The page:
What They’re Saying About the Eagles
Several notable Eagles stories to start off the week:
The MMQB’s Peter King on Doug Pederson’s police stop and adjusting to being a head coach.
Rookie Eagles coach Doug Pederson was driving home from the Philadelphia airport one night this off-season and got pulled over by a cop. Seems Pederson had been driving without his lights on, and the cop took his license and registration and went back to his car to write him up. The cop came back a couple of minutes later. He handed Pederson the license and registration back, with nothing else.
“Season-ticket holder 26 years,” the flat-line cop said. “Expecting big things.”
… Two interesting examples of his reaction to problems. When Sam Bradford, ticked off that the team drafted the quarterback who would make him obsolete, Carson Wentz, went AWOL for a couple of weeks, Pederson knew he wasn’t going to stand for this in his starting quarterback. He also knew it was April, and there was no sense in picking a fight then. Bradford came back, of course, but everyone from Wilkes-Barre to Wilmington knows Bradford is just a seat-holder for Wentz.
And on the subject of whether Pederson can be tough enough: “You didn’t see me yesterday,” he said Sunday morning. “We have a 10-minute specialist period at the start of practice, and players catch punts and kickoffs out of the JUGGS machine. So the whistle blew for practice and two guys were still getting taped up and ready. Well, I lost my mind. I was like, ‘WHEN THE WHISTLE BLOWS ON SUNDAY, ARE YOU GONNA BE TAPING YOUR HANDS WHEN THEY’RE GETTING READY TO KICK THE BALL OFF IN THE GAME?’”
King also questioned whether Rueben Randle will make the team.
Philadelphia: Rueben Randle, wide receiver. He caught 188 balls in four years with the Giants, but he never was the deep threat or consistent wideout his second-round status merited. Though he made a brilliant one-handed catch in practice Saturday, he’s the fourth receiver at best here, and he may not make the 53-man roster.
Former Eagles defensive coordinator Billy Davis explains what went wrong last season, reports Paul Domowitch of the Daily News.
“Then DeMeco [Ryans] gets nicked up and goes down and the young kid (Jordan Hicks) comes in and does a great job. He was a great quarterback. But then he gets hurt, and now, Mychal [Kendricks] or Kiko [Alonso], one of those two have to be the quarterback. And neither one of them could do that. That’s not what they do best.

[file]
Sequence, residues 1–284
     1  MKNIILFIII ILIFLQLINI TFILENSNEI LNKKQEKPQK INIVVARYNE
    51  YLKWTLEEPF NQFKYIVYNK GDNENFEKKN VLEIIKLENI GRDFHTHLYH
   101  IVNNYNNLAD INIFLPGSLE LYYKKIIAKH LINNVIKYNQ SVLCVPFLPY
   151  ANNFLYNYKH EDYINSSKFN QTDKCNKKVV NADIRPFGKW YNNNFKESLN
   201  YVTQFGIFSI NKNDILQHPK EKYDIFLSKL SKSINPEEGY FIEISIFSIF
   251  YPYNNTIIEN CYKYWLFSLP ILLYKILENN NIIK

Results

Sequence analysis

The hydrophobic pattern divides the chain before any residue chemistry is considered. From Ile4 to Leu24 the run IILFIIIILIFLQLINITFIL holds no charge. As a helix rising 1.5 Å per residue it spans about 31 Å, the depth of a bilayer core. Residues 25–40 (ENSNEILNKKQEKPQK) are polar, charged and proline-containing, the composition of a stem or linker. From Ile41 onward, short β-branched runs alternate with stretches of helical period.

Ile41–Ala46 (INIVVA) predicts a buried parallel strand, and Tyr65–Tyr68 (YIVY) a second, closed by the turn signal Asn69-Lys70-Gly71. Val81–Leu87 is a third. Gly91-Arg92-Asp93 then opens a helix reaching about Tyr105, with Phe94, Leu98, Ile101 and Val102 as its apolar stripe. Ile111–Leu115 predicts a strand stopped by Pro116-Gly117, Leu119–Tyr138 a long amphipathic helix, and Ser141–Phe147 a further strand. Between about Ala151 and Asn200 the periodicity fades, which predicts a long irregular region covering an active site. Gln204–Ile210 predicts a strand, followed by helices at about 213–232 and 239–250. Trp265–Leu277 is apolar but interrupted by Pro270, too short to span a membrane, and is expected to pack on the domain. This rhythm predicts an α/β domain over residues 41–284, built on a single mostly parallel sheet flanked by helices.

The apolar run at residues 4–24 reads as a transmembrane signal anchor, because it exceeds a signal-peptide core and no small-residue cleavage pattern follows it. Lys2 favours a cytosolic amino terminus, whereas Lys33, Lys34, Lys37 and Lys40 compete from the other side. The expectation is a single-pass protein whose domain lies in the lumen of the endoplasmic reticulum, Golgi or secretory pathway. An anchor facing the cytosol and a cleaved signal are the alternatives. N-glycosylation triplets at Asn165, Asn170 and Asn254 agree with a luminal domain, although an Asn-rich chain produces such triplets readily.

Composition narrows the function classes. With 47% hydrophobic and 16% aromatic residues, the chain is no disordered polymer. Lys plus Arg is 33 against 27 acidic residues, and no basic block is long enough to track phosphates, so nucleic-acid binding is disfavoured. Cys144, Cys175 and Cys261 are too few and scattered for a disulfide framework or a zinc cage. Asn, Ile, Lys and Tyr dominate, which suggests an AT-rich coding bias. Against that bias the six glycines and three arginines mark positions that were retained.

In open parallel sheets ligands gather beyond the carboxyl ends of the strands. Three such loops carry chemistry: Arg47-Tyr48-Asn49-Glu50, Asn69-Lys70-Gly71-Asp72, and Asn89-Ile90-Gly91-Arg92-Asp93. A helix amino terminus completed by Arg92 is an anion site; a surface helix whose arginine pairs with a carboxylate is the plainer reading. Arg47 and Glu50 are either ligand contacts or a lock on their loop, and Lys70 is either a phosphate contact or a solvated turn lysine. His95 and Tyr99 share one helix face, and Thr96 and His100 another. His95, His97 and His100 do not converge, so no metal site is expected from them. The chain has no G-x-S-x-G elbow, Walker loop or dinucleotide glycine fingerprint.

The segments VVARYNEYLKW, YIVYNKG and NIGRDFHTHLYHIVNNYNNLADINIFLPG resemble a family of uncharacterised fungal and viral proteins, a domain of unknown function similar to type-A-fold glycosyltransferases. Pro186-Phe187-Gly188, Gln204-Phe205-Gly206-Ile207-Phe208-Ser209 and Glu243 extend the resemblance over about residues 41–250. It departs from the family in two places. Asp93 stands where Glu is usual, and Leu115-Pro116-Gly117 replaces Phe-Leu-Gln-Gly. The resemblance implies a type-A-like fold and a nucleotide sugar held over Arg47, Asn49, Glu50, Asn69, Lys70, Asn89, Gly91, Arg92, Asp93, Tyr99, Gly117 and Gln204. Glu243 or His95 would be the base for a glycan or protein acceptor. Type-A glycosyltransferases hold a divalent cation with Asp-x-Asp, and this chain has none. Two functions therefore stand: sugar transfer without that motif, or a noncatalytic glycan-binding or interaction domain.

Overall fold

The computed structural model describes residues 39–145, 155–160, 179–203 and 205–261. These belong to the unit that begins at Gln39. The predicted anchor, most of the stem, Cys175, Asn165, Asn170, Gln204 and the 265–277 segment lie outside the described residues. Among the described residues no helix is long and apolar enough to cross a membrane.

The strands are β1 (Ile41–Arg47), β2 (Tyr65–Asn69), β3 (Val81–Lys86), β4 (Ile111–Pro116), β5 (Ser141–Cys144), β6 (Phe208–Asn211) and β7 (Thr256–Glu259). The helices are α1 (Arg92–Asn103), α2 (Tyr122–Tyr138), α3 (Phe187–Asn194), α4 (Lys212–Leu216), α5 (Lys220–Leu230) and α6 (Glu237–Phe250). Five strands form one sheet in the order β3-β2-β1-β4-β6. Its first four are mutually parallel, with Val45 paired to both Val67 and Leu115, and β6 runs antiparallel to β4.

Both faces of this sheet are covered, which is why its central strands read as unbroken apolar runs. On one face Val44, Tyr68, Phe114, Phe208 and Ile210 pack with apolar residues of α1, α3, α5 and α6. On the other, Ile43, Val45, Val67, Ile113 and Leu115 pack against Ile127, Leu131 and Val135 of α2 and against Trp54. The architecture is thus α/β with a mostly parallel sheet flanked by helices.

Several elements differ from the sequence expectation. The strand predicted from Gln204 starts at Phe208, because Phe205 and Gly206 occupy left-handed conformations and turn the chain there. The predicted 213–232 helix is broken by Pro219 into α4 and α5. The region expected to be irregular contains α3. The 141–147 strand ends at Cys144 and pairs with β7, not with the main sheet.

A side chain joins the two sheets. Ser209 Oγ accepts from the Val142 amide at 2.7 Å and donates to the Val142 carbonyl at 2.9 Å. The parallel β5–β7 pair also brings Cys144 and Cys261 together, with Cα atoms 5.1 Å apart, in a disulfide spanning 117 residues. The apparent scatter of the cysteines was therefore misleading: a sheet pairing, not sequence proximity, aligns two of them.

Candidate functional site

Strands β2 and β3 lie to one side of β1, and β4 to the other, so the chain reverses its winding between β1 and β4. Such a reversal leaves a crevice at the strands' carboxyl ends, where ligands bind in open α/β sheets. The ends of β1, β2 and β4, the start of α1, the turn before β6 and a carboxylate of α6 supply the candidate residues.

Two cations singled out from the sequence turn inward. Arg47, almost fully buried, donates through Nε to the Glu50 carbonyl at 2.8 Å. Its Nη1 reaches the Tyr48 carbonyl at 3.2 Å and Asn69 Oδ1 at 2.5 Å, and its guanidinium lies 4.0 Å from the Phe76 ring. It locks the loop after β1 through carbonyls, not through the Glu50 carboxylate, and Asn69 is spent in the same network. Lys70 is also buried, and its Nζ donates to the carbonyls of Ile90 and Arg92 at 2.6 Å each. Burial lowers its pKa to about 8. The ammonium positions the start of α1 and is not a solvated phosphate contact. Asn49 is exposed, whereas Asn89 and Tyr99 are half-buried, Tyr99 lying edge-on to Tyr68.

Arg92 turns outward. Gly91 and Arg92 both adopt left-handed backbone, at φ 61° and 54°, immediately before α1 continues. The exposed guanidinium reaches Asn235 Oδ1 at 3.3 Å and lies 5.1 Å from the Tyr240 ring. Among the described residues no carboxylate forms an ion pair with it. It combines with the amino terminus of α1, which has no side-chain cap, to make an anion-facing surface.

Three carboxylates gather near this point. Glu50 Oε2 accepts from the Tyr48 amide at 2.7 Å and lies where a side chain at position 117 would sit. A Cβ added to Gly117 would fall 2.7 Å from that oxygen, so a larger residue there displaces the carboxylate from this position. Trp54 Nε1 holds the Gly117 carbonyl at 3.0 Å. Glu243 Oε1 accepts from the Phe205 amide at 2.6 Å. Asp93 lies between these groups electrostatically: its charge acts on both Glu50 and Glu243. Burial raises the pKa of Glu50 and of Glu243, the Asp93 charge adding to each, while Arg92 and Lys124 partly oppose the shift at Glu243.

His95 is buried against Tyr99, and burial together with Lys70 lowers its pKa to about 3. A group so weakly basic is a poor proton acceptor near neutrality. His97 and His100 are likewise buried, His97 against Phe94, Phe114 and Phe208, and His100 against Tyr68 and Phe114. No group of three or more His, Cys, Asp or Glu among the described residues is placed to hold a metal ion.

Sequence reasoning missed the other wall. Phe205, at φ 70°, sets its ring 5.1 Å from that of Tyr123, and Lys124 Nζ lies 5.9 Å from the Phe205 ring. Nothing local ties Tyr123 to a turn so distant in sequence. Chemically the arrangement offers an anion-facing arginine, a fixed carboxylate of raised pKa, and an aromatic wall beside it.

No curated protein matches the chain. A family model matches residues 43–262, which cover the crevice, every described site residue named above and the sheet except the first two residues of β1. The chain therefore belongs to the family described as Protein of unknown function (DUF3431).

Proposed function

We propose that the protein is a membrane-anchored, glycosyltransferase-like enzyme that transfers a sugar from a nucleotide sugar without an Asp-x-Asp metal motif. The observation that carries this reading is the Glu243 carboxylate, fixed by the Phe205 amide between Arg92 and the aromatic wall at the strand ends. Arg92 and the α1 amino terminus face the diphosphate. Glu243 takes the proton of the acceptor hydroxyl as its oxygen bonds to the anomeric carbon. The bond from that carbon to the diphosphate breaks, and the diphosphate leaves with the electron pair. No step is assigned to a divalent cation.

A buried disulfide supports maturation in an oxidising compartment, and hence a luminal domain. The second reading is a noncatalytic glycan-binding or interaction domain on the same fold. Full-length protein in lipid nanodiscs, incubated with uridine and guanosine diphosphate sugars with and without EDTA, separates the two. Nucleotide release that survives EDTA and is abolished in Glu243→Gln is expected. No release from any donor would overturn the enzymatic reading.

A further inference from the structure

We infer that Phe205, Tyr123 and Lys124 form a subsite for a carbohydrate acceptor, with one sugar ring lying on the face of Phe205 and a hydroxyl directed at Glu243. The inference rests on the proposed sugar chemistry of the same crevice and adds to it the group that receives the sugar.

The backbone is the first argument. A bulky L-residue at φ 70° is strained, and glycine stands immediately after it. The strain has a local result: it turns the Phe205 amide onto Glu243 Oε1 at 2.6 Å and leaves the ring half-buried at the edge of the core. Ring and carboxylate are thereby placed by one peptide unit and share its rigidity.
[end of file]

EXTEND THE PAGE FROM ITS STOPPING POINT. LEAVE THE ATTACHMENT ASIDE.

“When they had to be the quarterback, things changed, and it got a little difficult (for them) to do their own job. You have to line everybody else up and then line yourself up and they couldn’t do it.”
Alonso was traded to the Dolphins in March along with another major 2015 disappointment, cornerback Byron Maxwell. Kendricks, who signed a four-year, $29 million extension last summer, still is with the Eagles. But Davis thinks he’ll play much better for his successor, Jim Schwartz, than he did for him last year.
“I think Mychal will flourish for Jim [Schwartz],” he said. “Because he’ll be able to just play, like he was able to do for us in 2014. He’s highly athletic. He’s a great pass rusher. If he can pick up his coverage game, he’ll be back to where he was.”
Byron Maxwell was the fifth-worst cornerback in the NFL last year in adjusted yards per target, according to Carl Yedor of Football Outsiders.
Maxwell in particular did not transition well from his supporting role in Seattle in 2014 to covering receivers like Julio Jones with the Eagles in 2015. After signing Maxwell to a splashy free agent contract under the leadership of Chip Kelly, the Eagles traded Maxwell to the Dolphins in a package for the eighth pick in the 2015 draft. Maxwell will not likely produce at a level commensurate with his salary, but the Dolphins will certainly hope to put Maxwell in a situation to succeed this season. Miami didn’t receive Earl Thomas, Richard Sherman, and Kam Chancellor in the deal as well, but Maxwell’s true talent level probably lies somewhere between the two extremes of 2014 and 2015.
Zach Ertz isn’t one of the 10 best tight ends in fantasy this season, opines the MMQB’s Gary Gramling.
11. Zach Ertz, Philadelphia
He’s a much better option than any of Philly’s receivers. The problem is not only that the Eagles won’t score many points, but Ertz has just nine touchdowns over three seasons so far.
Our old friend, Adam Hermann, details what the fan experience was like at the Eagles’ open practice yesterday, for the Daily News.
Mike, LeAnn, and Kennedy Hunke woke up at five o’clock Sunday morning, jumped in their car in Howard County, Md., and drove two hours to Philadelphia to watch Wentz practice.
Mike and LeAnn both grew up in Bismarck, N.D., the same town Wentz was born in 23 years ago. They both attended North Dakota State University, where Wentz played football. And now their daughter, Kennedy, is a sophomore at the same school. Last year, she occasionally sat at the same dining hall table as Wentz.
In North Dakota, Mike and LeAnn explained, most people are Vikings fans when they root for an NFL team.
But Wentz is so likable, they said they might end up rooting for the Eagles this season. They’ll certainly be pulling for the man himself.
“He’s just a good old North Dakota boy,” LeAnn said. “He seems to take everything in stride.”
The most important offseason move the Eagles made was drafting Carson Wentz, says ESPN’s Phil Sheridan.
Coaching changes are pretty hard to top when it comes to offseason moves that have an impact, but the Eagles managed to do it. Their biggest move was the investment in players and draft picks they made to trade up and select Wentz with the No. 2 overall pick. If Doug Pederson wasn’t the right hire, the Eagles can find another coach. If Wentz isn’t the player the Eagles need him to be, they will be stuck in QB limbo for the next few years.